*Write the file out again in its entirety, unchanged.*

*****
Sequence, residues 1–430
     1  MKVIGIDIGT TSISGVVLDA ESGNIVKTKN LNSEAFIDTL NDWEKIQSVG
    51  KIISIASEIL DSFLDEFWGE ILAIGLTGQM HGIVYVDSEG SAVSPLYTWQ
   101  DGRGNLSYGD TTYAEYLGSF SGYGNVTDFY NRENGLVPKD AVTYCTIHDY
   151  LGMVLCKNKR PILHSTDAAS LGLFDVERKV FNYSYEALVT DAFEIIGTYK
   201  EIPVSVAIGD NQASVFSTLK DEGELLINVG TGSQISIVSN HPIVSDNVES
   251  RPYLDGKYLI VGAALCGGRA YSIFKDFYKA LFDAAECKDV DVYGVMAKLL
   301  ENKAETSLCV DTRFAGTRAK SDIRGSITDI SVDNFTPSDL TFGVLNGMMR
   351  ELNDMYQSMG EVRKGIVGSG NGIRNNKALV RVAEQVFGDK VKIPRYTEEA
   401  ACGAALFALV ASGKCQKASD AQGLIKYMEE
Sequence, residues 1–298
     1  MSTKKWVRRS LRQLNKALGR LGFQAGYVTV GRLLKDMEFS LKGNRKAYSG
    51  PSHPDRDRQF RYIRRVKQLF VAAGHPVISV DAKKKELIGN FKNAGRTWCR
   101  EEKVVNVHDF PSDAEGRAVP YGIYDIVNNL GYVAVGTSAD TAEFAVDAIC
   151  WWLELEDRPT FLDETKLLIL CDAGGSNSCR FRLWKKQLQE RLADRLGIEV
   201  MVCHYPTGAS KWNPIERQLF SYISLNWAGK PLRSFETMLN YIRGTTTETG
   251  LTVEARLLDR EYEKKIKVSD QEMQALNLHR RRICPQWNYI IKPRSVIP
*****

Sequence, residues 1–430
     1  MKVIGIDIGT TSISGVVLDA ESGNIVKTKN LNSEAFIDTL NDWEKIQSVG
    51  KIISIASEIL DSFLDEFWGE ILAIGLTGQM HGIVYVDSEG SAVSPLYTWQ
   101  DGRGNLSYGD TTYAEYLGSF SGYGNVTDFY NRENGLVPKD AVTYCTIHDY
   151  LGMVLCKNKR PILHSTDAAS LGLFDVERKV FNYSYEALVT DAFEIIGTYK
   201  EIPVSVAIGD NQASVFSTLK DEGELLINVG TGSQISIVSN HPIVSDNVES
   251  RPYLDGKYLI VGAALCGGRA YSIFKDFYKA LFDAAECKDV DVYGVMAKLL
   301  ENKAETSLCV DTRFAGTRAK SDIRGSITDI SVDNFTPSDL TFGVLNGMMR
   351  ELNDMYQSMG EVRKGIVGSG NGIRNNKALV RVAEQVFGDK VKIPRYTEEA
   401  ACGAALFALV ASGKCQKASD AQGLIKYMEE
Sequence, residues 1–298
     1  MSTKKWVRRS LRQLNKALGR LGFQAGYVTV GRLLKDMEFS LKGNRKAYSG
    51  PSHPDRDRQF RYIRRVKQLF VAAGHPVISV DAKKKELIGN FKNAGRTWCR
   101  EEKVVNVHDF PSDAEGRAVP YGIYDIVNNL GYVAVGTSAD TAEFAVDAIC
   151  WWLELEDRPT FLDETKLLIL CDAGGSNSCR FRLWKKQLQE RLADRLGIEV
   201  MVCHYPTGAS KWNPIERQLF SYISLNWAGK PLRSFETMLN YIRGTTTETG
   251  LTVEARLLDR EYEKKIKVSD QEMQALNLHR RRICPQWNYI IKPRSVIP